Immigration Attorney Feels Frustration
You think your week was depressing? Try this on for size, "My Hands Are Tied, by Brian Lonegan in Sunday's New York Times Magazine:
I'm an attorney with the Legal Aid Society, the only free legal-service organization in New York City that provides assistance to people who are in ''removal proceedings,'' what used to be called deportation, because of a criminal conviction. There are crimes people should be deported for -- murder, robbery, rape -- but the way the law is written now, people are being deported for shoplifting or for jumping subway turnstiles or for possession of a joint of marijuana. New York's detainees are held in county jails in New Jersey. There are several hundred immigration detainees in these jails at any given moment. And there's only one Legal Aid attorney available. That's me.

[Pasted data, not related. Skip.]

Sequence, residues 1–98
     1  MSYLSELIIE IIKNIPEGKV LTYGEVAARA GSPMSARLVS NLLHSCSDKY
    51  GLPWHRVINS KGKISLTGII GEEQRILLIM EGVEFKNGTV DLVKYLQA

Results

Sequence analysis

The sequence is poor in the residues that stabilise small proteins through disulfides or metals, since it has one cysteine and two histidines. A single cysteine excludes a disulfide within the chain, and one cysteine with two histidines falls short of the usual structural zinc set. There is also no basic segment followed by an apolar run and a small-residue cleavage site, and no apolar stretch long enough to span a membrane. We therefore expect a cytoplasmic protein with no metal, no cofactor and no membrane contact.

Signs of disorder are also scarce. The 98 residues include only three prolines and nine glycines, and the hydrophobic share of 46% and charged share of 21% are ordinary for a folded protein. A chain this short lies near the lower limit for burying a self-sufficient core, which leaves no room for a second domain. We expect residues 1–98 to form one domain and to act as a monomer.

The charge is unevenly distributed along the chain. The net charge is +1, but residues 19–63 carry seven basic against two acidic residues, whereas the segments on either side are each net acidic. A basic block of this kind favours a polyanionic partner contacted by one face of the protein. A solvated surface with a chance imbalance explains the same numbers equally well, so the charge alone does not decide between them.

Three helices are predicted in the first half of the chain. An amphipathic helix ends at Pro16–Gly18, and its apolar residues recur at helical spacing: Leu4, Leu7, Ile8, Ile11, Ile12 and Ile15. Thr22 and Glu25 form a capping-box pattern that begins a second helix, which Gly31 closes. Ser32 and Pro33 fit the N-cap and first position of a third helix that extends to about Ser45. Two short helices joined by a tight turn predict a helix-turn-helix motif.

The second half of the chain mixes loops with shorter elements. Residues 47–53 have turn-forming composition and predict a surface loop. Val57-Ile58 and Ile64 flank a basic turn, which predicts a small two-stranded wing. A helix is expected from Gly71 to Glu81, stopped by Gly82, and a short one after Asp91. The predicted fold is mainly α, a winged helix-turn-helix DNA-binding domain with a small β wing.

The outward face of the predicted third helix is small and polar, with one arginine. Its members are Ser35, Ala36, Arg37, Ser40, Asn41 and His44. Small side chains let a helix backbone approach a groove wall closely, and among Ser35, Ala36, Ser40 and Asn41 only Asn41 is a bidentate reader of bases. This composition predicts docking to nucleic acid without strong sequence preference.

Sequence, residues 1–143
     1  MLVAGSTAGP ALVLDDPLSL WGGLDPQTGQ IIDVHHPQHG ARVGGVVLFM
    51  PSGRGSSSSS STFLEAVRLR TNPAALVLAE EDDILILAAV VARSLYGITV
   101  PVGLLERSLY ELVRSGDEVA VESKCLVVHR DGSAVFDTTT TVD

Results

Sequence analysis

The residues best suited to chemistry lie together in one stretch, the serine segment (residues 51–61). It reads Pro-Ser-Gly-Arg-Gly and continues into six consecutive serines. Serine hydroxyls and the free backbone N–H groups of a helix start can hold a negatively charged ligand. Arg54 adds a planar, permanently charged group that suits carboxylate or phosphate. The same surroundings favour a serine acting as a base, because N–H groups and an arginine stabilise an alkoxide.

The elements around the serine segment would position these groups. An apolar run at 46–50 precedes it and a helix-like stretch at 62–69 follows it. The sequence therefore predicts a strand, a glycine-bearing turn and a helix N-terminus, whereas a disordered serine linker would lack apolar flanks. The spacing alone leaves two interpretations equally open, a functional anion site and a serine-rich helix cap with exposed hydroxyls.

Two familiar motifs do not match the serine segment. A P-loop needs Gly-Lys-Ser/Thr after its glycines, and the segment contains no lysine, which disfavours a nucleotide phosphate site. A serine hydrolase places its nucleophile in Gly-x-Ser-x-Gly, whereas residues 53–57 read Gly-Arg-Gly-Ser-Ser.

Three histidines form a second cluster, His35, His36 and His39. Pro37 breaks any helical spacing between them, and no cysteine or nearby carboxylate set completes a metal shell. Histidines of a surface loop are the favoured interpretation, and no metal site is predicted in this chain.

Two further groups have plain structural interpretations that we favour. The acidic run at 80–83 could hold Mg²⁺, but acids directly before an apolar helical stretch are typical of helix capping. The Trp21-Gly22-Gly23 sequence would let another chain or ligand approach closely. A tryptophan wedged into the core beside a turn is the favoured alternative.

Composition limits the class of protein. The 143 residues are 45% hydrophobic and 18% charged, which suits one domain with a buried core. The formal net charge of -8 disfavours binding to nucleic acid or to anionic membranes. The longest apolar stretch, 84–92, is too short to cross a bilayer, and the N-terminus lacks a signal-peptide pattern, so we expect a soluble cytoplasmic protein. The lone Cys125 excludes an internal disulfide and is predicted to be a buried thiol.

Here's what it's like:
These guys all want to tell me their life stories, but I have to cut to the chase with potential clients and figure out what legal remedies they have. Most have none. Detainees call me collect from jails, and I give them advice. My hotline number is now in every jail cell between here and Pennsylvania.
Here's how it got that way:
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